It also reminds one – and I hope it will remain within the parameters of – Gandhi’s “satyagraha”, or philosophy of passive resistance, at least passive in the sense of not resorting to violence, while still remaining resolutely resistant to the oppressive system in question. Only if this is respected, can the revolt against the unilateral imposition of such an economically crippling system of extracting money from citizens, who can ill afford it, have any hope of succeeding in a manner where the activists and opponents of the system would retain their dignity as citizens of a supposedly democratic country. I say “supposedly” because the ruling party has evidently forgotten whom it represents in the name of democracy, namely “the people” – the very people who have made it very clear that they do not accept e-tolling.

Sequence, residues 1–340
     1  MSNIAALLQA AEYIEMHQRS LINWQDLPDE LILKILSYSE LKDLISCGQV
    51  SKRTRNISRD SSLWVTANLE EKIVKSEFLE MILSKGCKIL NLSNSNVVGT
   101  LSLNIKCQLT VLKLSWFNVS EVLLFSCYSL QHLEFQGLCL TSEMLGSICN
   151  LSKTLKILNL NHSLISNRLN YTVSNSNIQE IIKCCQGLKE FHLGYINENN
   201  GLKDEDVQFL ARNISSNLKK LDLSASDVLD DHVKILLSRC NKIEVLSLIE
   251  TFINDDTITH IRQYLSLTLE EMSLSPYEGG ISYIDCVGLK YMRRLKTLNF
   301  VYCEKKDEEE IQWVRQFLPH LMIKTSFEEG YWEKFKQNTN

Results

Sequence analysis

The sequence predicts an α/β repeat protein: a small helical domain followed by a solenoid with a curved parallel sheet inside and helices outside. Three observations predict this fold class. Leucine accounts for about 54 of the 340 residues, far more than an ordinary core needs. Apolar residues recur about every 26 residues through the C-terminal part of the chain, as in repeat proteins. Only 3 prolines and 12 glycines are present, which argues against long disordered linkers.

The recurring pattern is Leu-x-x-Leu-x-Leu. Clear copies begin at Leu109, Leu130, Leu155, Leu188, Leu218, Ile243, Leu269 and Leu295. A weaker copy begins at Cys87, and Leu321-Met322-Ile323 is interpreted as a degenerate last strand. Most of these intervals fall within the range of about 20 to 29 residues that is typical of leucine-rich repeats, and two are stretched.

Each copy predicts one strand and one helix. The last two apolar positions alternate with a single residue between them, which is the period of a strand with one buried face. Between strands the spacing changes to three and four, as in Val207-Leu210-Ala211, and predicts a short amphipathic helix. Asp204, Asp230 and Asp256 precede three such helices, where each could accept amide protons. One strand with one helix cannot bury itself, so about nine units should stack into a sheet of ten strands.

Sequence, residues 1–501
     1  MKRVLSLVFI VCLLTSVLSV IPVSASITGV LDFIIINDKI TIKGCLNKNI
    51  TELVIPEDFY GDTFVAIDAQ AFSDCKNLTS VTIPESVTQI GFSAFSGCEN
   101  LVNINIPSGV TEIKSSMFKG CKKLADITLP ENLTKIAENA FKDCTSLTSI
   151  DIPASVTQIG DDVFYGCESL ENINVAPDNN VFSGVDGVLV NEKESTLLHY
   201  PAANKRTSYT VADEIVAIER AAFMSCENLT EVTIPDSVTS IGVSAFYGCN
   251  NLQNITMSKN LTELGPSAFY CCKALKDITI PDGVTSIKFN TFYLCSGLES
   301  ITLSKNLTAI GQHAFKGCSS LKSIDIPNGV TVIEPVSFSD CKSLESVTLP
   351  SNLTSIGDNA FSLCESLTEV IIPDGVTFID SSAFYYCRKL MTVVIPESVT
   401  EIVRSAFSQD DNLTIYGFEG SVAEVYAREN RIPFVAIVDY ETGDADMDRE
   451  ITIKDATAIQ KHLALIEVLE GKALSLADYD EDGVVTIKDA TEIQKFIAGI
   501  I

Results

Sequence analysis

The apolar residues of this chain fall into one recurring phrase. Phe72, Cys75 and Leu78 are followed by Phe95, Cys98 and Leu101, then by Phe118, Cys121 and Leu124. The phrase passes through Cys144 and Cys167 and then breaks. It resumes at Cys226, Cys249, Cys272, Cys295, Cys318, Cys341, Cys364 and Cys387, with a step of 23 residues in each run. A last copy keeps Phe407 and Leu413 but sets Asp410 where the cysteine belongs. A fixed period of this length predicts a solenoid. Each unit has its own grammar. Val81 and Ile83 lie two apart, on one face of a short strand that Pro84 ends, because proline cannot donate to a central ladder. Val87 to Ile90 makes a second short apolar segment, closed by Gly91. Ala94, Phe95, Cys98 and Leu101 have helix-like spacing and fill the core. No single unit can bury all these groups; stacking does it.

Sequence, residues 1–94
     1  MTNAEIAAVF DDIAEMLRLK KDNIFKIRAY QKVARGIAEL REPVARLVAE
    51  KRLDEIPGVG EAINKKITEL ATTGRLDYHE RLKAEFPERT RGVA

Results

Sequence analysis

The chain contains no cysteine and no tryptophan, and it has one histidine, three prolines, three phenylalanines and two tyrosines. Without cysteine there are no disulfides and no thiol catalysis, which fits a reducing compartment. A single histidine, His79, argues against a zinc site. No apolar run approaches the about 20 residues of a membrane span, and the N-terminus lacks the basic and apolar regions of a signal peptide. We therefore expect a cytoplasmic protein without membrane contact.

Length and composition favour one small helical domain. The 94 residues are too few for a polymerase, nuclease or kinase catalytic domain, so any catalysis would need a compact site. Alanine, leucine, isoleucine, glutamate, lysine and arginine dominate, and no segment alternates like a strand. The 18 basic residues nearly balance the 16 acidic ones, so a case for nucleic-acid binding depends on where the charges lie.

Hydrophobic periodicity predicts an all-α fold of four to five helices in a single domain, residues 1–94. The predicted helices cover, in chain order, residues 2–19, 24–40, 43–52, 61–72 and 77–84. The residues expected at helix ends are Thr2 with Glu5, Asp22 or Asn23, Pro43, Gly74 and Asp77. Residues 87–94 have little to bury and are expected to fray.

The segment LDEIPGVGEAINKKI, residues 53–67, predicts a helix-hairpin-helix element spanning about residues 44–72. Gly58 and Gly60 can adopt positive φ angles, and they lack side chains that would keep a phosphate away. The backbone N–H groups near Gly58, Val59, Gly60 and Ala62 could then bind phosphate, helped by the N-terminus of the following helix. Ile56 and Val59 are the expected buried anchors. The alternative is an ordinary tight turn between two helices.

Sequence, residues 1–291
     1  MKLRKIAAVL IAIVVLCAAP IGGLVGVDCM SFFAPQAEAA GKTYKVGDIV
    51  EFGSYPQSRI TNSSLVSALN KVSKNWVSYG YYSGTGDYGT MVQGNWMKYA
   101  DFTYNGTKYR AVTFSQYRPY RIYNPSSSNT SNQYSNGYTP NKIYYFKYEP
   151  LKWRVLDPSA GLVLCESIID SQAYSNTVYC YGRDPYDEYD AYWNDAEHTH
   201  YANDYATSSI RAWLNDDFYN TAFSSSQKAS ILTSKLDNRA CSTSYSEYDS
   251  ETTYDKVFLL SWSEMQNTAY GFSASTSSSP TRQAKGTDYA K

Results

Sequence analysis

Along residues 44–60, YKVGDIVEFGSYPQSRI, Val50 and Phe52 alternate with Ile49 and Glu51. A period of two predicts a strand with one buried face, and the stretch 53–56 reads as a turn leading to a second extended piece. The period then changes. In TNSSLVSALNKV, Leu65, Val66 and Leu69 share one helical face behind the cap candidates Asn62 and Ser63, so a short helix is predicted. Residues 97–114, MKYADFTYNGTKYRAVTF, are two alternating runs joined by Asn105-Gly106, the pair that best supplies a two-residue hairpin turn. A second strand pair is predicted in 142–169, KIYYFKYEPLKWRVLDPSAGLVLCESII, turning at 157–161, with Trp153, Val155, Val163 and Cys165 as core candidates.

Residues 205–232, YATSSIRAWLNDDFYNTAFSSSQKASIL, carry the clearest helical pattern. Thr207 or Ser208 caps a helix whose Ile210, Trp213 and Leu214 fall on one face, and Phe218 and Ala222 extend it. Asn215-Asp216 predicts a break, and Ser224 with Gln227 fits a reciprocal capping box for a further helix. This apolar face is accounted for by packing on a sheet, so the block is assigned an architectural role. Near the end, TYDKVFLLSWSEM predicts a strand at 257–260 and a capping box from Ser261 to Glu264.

And it is undeniable that the resistance to e-tolling in Gauteng (the thin edge of the wedge; if it were to be successfully implemented there, it would spread to the rest of the country) issues from the people, to whom government and Sanral (South African National Roads Agency Limited) representatives are turning a deaf ear. The ANC government should remind itself that, when people in a democracy are repeatedly subjected to unjustifiable (in this case economic) measures by the putatively “representative” government, citizens may turn to civil disobedience as a last resort. Needless to point out, this has happened in other democracies before, including the US.